The Supreme Court of North Carolina long ago observed that “the ‘substantial right’ test for appealability of interlocutory orders is more easily stated than applied.” Waters v. Qualified Pers., Inc., 294 N.C. 200, 208, 240 S.E.2d 338, 343 (1978).  As “[n]o hard and fast rules exist” for determining whether an interlocutory order affects a substantial right, North Carolina appellate courts have long analyzed whether an interlocutory order affects a substantial right “on a case by case basis.” Estrada v. Jaques, 70 N.C. App. 627, 640, 321 S.E.2d 240, 249 (1984); Hausle v. Hausle, 739 S.E.2d 203, 206 (N.C. Ct. App. 2013) (quotation omitted).

To provide practitioners with a starting point for their research, the North Carolina Bar Association’s Appellate Rules Committee recently published the first edition of its “Guide to Appealability of Interlocutory Orders.”  While not meant to address the nuances surrounding the appealability of every type of interlocutory order, this 45-page guide collects and organizes state appellate court opinions addressing the appealability of various types of interlocutory orders in a way that both seasoned and novice appellate practitioners should find useful.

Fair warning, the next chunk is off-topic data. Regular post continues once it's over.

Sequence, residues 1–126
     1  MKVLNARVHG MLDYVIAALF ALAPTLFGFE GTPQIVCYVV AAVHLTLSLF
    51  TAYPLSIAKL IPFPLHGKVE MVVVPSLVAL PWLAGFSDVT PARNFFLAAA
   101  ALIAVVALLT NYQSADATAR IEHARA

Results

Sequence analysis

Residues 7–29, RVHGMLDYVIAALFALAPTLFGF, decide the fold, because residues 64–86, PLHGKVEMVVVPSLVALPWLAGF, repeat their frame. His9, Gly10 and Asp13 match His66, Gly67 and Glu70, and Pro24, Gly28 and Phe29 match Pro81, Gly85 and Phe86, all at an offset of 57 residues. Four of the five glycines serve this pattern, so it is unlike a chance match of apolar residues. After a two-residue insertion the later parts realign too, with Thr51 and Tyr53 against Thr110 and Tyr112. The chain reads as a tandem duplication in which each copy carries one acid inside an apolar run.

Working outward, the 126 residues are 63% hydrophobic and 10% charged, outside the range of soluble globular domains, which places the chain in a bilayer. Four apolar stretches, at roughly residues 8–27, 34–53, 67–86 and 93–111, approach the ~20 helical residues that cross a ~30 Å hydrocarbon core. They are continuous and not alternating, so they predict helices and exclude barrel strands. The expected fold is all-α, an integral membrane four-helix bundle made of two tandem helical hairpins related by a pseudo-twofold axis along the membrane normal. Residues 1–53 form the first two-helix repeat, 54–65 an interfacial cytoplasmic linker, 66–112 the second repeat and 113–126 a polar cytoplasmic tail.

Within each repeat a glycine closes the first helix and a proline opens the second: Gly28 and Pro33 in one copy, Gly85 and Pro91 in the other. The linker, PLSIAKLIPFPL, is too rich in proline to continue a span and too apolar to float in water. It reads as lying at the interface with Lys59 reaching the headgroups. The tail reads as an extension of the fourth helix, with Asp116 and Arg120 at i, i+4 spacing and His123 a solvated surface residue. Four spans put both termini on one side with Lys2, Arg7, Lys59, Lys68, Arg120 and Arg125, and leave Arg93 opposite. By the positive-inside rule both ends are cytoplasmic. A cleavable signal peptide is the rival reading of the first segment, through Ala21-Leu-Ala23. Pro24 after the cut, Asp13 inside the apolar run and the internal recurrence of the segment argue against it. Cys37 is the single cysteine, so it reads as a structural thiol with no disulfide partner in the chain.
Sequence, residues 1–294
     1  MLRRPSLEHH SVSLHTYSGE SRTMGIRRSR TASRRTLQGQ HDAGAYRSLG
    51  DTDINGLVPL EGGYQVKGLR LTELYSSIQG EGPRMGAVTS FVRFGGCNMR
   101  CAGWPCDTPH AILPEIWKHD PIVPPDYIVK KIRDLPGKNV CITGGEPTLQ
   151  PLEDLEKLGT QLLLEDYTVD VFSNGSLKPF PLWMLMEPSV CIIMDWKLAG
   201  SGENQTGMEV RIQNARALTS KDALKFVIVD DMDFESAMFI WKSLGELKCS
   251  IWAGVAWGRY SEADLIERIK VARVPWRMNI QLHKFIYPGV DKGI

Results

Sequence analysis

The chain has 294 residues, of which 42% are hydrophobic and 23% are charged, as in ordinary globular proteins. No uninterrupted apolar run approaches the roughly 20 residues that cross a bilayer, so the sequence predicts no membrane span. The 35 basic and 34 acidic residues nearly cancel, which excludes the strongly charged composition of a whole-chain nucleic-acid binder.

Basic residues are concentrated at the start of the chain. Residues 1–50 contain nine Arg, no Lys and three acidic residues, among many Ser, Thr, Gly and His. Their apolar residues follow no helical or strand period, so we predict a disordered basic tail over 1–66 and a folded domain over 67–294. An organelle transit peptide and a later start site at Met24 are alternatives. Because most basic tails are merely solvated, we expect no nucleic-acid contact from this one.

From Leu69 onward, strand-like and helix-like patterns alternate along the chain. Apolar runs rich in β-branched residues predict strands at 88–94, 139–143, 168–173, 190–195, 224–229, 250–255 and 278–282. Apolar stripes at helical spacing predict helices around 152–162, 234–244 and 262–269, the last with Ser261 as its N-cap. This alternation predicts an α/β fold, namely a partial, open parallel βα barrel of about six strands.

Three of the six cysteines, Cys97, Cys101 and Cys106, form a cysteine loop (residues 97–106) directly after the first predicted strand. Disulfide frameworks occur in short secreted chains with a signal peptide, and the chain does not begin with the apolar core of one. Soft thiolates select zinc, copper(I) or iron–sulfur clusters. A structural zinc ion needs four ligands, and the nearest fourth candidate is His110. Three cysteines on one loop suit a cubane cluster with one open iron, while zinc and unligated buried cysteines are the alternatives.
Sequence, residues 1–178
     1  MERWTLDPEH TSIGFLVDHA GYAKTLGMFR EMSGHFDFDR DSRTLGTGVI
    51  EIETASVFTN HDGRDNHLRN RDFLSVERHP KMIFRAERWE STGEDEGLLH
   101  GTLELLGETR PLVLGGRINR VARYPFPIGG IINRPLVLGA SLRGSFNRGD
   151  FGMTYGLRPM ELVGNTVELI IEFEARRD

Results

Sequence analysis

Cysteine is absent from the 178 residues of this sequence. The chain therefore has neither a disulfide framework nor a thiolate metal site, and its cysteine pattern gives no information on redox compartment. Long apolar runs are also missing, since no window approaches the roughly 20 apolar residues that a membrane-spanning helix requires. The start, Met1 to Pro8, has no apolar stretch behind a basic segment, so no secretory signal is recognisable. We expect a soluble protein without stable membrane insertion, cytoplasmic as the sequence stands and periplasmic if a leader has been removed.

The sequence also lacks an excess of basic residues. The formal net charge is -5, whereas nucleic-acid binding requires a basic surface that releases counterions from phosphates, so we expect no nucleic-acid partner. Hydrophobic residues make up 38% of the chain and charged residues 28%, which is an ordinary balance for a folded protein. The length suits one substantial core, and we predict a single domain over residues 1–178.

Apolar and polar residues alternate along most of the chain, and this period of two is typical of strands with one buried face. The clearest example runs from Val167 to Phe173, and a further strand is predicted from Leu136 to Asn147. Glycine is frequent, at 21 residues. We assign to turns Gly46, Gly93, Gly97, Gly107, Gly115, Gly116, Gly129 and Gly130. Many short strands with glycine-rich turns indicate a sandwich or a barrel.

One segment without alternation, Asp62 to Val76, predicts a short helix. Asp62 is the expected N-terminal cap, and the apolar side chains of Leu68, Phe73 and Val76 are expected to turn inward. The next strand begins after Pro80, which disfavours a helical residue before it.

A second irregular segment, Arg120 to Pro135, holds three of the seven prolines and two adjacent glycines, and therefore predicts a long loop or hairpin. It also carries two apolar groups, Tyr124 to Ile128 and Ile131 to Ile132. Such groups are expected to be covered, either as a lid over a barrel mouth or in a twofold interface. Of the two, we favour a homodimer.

A copy of this free publication can be found on the Appellate Rules Committee website , as well as on the Rules and Practice Guides page of this blog.

As Chair of the Appellate Rules Committee for the past two years, I have been privy to the extraordinary amount of work that numerous committee members have put into creating the Guide.  Join me in saying thank you to any committee members you know.

Finally,  if you find the guide useful or have suggestions for a second edition, please submit feedback to or by conventional mail to the Appellate Rules Committee, North Carolina Bar Association, P.O. Box 3688, Cary, NC 27519.

–Beth Scherer